Every time our applications installed on the mobile phone take up much more space, but not only that, but they also consume many more resources, causing that on certain occasions, our phone is slower than usual.
And it is that with each new update that we download from the Google Play Store, these applications generally increase their size, something that could put the storage of our devices at risk, especially if we are those people who always have very limited storage due to to use.
But all of the above could become part of history, and that is that Google is working on a tool called “application installation optimization”, which basically what it would do would be to know which parts of the application you are using a lot more, to improve your update process and subsequent release of new versions.
And it is that for example, it is likely that your Facebook or Instagram application takes up a lot of space on your mobile device, but you are only using very specific parts of them, such as simply accessing your messages or uploading photos.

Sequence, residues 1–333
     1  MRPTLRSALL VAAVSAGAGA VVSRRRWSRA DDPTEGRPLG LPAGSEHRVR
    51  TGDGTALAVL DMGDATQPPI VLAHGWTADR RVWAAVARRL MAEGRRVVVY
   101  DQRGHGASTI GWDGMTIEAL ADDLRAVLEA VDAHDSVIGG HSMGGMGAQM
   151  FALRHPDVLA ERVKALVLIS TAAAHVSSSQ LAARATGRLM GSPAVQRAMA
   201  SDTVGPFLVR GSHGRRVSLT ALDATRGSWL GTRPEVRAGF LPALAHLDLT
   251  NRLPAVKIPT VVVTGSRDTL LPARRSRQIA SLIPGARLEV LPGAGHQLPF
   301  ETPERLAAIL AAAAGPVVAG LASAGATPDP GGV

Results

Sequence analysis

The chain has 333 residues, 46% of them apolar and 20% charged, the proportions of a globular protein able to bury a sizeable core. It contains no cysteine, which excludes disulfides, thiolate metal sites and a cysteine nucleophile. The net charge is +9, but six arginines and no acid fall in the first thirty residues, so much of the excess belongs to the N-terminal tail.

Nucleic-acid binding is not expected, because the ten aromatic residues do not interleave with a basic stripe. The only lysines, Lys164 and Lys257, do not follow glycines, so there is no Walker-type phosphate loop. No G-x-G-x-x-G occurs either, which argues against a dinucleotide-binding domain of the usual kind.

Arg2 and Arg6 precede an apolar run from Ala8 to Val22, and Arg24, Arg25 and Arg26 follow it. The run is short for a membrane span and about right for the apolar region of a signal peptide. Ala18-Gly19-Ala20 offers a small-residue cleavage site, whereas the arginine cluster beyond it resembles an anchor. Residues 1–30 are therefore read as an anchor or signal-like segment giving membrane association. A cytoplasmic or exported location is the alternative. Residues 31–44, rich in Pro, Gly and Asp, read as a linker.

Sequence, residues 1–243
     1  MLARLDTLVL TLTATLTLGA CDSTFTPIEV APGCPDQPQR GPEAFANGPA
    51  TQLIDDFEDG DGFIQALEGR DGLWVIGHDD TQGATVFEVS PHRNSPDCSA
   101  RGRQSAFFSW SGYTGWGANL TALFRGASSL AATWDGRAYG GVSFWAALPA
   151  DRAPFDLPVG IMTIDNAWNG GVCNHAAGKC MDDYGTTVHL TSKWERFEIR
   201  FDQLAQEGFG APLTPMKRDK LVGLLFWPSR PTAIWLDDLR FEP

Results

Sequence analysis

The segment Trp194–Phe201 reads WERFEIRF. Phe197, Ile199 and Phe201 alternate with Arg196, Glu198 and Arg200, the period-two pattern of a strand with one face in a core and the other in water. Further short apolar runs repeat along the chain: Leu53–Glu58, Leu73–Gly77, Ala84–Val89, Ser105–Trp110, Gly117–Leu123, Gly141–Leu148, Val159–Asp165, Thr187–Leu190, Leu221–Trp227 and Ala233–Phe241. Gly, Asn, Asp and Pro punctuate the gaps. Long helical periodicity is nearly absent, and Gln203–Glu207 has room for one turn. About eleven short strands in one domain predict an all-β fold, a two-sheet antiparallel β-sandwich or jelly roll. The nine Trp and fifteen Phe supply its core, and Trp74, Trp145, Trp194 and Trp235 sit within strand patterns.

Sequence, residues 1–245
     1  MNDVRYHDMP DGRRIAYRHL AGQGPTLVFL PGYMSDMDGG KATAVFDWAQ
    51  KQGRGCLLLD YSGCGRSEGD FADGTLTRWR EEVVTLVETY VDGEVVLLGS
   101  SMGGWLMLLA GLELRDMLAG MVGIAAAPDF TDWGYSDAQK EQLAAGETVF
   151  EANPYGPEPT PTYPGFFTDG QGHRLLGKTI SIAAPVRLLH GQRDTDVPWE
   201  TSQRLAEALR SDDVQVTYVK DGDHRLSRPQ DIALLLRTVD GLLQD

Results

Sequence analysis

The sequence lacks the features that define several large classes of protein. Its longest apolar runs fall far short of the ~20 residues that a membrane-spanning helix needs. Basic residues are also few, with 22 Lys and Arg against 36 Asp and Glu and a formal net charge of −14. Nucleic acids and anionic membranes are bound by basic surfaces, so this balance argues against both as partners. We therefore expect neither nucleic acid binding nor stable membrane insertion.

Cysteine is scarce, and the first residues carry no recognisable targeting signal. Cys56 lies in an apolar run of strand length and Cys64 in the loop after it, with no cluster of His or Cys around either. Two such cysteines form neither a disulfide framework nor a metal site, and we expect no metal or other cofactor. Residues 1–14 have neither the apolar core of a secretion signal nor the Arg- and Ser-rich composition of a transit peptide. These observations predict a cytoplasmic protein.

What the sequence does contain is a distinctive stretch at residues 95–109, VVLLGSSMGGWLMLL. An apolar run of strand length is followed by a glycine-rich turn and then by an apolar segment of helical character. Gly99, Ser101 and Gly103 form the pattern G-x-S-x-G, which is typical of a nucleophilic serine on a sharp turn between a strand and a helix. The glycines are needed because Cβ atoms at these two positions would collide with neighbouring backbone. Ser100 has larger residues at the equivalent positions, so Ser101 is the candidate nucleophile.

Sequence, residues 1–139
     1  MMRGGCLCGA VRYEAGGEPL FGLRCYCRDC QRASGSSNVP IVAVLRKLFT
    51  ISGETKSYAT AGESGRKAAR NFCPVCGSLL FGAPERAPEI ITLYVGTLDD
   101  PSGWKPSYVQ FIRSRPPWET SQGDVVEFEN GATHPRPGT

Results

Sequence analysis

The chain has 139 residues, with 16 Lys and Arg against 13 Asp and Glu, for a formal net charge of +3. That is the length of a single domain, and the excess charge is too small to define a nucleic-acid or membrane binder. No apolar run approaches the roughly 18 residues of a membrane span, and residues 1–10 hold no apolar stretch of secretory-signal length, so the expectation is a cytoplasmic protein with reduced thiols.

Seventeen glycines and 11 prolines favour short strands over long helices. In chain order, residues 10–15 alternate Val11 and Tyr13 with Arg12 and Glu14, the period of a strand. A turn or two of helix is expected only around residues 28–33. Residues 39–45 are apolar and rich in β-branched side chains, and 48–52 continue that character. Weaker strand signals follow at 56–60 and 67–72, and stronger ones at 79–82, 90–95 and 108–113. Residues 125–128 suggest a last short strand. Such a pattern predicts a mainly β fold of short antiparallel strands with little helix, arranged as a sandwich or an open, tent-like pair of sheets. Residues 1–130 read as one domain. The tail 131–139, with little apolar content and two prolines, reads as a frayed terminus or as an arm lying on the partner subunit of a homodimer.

In this way, this Google Play optimizer would only download and run that part of the application that you use the most, thereby saving storage space and resources.
This tool was initially discovered by 9to5google thanks to a support document. Its operation is simple: when you open an application for the first time, Google would monitor which part of them you use and which parts you don’t. By anonymously gathering the statistics of all users, Google Play would already know which parts of the application are used more than others initially and would download them first.
This data collected from users could also be used to improve device resource management, so as not to borrow all RAM initially.
Many users are already testing this new Google Play optimization tool, and it seems that it is activated by default, at least now initially. In any case, the user is notified with a pop-up message that makes clear the data that is collected to speed up these application installation procedures. Obviously, the user can decide or not use this function.